A new survey released Nov. 10 by Habitat for Humanity Canada finds Canadians rank affordable housing as the third most important issue facing Canada today, behind inflation and health care.
The Habitat for Humanity Canada Affordable Housing Survey, which measured the perceptions of Canadians, also sheds light on growing concerns and barriers to homeownership including lack of housing supply, increased cost of living, discrimination, NIMBY (not in my backyard) sentiment and more.
“This survey underscores how deeply concerned Canadians are about their housing situations and futures as affordable housing becomes increasingly out of reach,” said Julia Deans, president and CEO of Habitat for Humanity Canada. “To address these growing concerns and make affordable housing and homeownership a reality for all Canadians, we need an all-in approach from non-profits, corporate partners, individuals and all levels of government.”
According to the Habitat Canada Affordable Housing Survey, almost all Canadians (96 per cent) surveyed said their cost of living has increased this past year and four-in-five Canadians (78 per cent) are worried about having to spend less on food, savings, transportation costs, and/or debt payments to continue to afford their current housing. Other key concerns include:
• Forty per cent of Canadians are concerned about paying their mortgage or rent over the next 12 months
• Gen Zs (51 per cent) and millennials (52 per cent) are more than twice as likely to be concerned about paying their rent or mortgage than boomers (23 per cent)
• Almost three in 10 Canadians (28 per cent) cannot currently afford a down payment of any amount toward a home
Lack of housing supply seen as greatest contributor to current affordability crisis
Ninety per cent of Canadians (90 per cent) believe that there is a shortage of affordable housing in Canada and 43 per cent see lack of housing supply as one of the greatest contributors to making housing less affordable, ahead of foreign buyers (40 per cent), and investment firms buying homes (36 per cent).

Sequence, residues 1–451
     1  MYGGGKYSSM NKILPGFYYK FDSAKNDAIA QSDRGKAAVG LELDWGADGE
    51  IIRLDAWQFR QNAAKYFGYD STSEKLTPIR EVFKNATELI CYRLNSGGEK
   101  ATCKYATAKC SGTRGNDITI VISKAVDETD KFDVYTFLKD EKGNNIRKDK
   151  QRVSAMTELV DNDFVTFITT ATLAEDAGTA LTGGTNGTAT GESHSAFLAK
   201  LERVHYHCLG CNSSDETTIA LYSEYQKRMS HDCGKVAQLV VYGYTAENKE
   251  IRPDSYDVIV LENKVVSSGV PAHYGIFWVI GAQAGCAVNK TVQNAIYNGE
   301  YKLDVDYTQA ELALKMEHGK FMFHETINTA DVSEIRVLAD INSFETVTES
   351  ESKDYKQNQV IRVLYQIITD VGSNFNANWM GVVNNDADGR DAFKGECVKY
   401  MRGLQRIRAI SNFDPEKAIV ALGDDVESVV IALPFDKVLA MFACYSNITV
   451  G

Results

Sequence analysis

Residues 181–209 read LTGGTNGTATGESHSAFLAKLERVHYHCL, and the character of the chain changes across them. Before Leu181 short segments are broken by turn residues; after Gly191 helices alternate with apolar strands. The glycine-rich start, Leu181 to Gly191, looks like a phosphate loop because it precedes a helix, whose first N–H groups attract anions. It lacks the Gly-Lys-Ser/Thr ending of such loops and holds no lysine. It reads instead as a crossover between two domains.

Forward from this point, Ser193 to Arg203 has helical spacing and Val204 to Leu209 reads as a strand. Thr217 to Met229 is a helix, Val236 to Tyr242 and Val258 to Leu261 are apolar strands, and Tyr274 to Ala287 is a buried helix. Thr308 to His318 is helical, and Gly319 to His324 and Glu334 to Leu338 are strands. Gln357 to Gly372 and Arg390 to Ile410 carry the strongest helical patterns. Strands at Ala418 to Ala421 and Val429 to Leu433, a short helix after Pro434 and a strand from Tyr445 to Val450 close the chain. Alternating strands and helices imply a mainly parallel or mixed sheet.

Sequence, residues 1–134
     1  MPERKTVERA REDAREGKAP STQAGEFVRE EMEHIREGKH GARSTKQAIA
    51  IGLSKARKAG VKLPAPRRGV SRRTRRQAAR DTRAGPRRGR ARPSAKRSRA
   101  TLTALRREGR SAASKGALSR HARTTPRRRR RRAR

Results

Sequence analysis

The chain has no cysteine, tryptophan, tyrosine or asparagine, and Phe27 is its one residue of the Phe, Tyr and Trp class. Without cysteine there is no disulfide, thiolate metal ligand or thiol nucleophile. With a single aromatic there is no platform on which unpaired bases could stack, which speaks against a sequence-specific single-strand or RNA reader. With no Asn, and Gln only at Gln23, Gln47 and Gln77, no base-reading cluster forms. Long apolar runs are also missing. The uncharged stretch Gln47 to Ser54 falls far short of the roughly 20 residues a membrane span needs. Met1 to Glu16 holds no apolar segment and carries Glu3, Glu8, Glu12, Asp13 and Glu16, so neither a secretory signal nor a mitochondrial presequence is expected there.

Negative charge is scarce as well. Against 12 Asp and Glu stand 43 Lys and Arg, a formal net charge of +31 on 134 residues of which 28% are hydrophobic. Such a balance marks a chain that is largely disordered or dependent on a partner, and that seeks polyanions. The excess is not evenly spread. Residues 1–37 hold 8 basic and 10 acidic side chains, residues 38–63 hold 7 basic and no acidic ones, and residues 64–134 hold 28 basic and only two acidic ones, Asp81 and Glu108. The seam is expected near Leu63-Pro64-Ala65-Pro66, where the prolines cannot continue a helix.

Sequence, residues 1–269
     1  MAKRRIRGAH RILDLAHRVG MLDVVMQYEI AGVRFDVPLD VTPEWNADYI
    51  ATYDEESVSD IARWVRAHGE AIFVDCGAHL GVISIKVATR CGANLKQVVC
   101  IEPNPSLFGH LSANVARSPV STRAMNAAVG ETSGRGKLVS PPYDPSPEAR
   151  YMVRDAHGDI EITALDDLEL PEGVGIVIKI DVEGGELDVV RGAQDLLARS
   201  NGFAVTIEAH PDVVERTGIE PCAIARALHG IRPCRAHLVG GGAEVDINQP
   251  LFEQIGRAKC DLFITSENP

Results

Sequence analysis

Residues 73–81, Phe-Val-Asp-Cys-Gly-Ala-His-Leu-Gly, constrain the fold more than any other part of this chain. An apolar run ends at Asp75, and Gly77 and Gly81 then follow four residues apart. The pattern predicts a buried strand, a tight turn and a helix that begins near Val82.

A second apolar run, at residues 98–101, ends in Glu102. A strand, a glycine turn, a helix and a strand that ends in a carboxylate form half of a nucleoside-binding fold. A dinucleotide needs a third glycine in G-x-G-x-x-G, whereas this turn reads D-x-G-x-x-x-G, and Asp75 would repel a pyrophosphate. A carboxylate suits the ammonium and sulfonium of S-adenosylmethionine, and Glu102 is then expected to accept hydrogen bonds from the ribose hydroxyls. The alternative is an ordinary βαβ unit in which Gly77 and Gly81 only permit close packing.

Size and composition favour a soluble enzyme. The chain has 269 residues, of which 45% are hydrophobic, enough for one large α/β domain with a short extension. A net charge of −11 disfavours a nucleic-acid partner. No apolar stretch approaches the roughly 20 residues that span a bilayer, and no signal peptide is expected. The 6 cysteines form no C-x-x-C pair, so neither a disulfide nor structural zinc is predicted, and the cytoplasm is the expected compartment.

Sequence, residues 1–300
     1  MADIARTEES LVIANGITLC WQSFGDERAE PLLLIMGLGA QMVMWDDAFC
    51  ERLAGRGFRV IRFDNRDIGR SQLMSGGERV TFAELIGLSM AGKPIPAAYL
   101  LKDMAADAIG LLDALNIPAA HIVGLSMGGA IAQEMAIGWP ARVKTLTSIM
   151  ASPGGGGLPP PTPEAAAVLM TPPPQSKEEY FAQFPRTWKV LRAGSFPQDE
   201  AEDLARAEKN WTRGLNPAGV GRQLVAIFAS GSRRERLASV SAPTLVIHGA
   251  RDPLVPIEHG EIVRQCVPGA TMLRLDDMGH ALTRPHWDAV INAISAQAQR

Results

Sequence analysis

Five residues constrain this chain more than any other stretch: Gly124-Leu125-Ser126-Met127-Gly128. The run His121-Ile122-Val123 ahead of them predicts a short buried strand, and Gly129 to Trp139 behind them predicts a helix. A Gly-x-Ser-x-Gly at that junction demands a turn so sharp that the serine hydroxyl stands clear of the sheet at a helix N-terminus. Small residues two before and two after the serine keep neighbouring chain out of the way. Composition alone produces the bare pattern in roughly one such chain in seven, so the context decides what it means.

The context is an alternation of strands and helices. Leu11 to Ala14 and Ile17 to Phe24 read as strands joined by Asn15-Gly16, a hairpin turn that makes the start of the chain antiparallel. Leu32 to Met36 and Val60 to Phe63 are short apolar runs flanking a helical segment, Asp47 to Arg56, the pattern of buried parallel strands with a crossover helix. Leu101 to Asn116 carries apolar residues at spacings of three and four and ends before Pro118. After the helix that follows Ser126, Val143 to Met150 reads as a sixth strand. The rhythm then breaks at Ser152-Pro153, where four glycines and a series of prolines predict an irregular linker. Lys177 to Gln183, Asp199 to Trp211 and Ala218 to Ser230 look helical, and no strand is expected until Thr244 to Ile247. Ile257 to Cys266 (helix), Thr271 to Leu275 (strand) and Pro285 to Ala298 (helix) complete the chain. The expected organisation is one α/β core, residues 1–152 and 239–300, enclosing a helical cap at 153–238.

NIMBY and discrimination: additional barriers to affordable housing
Half of Canadians (54 per cent) feel that NIMBY sentiment is one of the main barriers to making affordable housing available in neighborhoods. Furthermore, 71 per cent of Canadians agree with the statement that “people worry about the impact of affordable housing on their property values and neighborhood.”
Discrimination was also found to be a barrier to accessing affordable housing according to the survey. One in 10 Canadians (11 per cent) have experienced racism, sexism, and/or other discrimination during their pursuit of housing, with BIPOC Canadians being more than twice as likely as non-BIPOC Canadians to have experienced discrimination (18 per cent vs. eight per cent).
Canadians want an affordable place to call home
Three-quarters of Canadians and 82 per cent of British Columbians believe that more affordable housing could solve the social issues we’re currently facing as a country. Despite the growing concerns and barriers to homeownership, the majority of Canadians (87 per cent) agree that owning a home can create more stability in one’s life. Furthermore, 82 per cent of British Columbians surveyed agree that owning a home can lead to a better future for their children, and 80 per cent agree that homeownership can strengthen ties to their community.
For more information on the survey, visit habitat.ca/housingsurvey.